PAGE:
Star Wars, Television

Book of Boba Fett: TV Series Review

The Book of Boba Fett, when it was set up at the conclusion of the second season of The Mandalorian, was intriguing. The lead-in was setting up the idea of Boba Fett becoming the new crime boss of Tatooine. The final product, however, has left many underwhelmed, and it’s worth talking about why.

Still from Book of Boba Fett - Fett on the Left, Fennec Shand on the Right

Probably the biggest place Book of Boba Fett stumbles is with the narrative structure. The show is split between two disparate stories. One is on what Fett was up to after getting out of the Sarlacc, and the other is on Fett and Fennic Shand taking control of their new empire.

On the one hand, the story of Fett being ultimately rescued by the Tuskins and learning their culture starts well – and having Temura Morrison, who is Maori, playing Fett feels like it reduces some of the White Savior cringe. Not eliminates, but reduces. The other half of the story, of Fett taking over Tatooine as warlord (the show uses the term “Daimyo” which… is also cringe-worthy), is, by contrast, half-baked.

The second half of the plot seems focused around the idea of Fett wanting to go legit, and feeling the way to do that is to become a warlord, but not knowing exactly how to do that, having mainly been other people’s muscle. However, all of that has to be inferred in the story, and it’s not even implied well. Worse, the flashbacks with the Tuskens actually obstruct the flow of this second plot.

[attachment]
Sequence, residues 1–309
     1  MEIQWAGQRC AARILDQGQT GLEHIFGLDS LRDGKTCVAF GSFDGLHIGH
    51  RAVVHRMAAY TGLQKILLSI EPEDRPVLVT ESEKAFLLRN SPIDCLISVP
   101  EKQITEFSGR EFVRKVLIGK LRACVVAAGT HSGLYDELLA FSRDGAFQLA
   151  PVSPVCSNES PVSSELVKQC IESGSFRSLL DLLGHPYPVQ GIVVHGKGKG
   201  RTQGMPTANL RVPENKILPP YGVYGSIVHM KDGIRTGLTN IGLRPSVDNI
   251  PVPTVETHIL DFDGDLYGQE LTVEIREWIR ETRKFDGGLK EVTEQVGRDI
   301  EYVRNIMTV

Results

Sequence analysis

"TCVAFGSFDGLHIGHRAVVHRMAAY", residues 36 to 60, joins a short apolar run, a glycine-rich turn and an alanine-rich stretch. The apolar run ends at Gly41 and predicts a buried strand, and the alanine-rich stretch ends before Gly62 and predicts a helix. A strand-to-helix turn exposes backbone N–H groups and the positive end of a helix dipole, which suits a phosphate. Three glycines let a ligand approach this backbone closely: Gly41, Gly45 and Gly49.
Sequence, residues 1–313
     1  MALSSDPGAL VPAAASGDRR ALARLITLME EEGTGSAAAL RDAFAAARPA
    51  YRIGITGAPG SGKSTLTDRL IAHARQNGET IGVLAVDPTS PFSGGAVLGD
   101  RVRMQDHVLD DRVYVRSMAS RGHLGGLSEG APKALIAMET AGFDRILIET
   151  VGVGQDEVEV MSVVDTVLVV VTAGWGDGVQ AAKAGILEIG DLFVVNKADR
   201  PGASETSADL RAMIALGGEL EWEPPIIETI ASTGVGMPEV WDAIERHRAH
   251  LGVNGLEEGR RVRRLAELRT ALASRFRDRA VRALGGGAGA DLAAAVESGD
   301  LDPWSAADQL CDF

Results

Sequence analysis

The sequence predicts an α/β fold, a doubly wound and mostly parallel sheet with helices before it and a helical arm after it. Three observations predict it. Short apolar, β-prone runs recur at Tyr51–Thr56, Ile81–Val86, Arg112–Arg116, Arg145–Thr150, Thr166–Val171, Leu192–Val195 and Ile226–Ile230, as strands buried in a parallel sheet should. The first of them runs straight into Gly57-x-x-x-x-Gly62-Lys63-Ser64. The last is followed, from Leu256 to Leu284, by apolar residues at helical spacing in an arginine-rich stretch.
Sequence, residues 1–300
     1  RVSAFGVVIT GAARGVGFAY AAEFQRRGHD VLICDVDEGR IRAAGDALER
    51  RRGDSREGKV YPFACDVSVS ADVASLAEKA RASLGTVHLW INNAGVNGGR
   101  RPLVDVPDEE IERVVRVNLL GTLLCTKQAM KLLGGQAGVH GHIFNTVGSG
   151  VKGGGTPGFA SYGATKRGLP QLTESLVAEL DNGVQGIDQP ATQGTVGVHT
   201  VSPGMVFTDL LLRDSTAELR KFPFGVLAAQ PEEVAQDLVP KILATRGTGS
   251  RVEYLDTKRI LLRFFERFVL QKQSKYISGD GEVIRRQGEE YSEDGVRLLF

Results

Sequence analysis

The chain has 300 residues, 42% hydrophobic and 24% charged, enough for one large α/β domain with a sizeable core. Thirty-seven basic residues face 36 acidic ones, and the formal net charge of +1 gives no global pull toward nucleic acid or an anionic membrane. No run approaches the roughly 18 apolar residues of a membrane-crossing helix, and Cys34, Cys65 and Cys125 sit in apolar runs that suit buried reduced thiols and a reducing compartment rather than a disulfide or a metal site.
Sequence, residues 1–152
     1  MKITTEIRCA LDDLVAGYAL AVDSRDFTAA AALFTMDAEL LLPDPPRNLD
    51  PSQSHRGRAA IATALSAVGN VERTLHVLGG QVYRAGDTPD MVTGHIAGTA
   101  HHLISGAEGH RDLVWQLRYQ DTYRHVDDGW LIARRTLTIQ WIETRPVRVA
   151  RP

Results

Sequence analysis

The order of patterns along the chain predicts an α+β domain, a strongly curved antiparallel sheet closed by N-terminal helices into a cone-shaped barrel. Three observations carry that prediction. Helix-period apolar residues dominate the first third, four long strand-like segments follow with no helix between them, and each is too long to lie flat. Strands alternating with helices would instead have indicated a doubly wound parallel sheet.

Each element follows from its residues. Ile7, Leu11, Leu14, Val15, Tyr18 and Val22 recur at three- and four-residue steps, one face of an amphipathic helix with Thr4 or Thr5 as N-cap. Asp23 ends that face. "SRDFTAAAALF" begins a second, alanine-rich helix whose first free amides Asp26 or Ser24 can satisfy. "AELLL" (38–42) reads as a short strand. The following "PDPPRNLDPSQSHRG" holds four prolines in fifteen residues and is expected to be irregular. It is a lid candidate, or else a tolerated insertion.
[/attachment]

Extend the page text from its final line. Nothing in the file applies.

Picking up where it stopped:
Considering how poorly show-runner Robert Rodriguez’s previous TV series – the TV series adaptation of “From Dusk Till Dawn” for El Rey – was regarded, it makes me wonder if Rodriguez’s shortcoming as a storyteller is serialized storytelling on TV. You have to structure a narrative arc on television much more differently than in film – with the narrative for each episode having to tell a mostly complete story on its own, while also forwarding the plot of the series’ larger arc. It’s a difficult skill to pull off, one that multiple talented writers have struggled at, and it’s possible that Rodriguez has just not developed that skill yet, but elected to dive in the deep end anyway.

Certainly, the pandemic can’t have helped, and ultimately left us with a half-baked show with some strong moments, that don’t quite come together into a cohesive whole. I didn’t hate it – but I didn’t love it either.

Star Wars: The Book of Boba Fett is currently available for streaming on Disney+.

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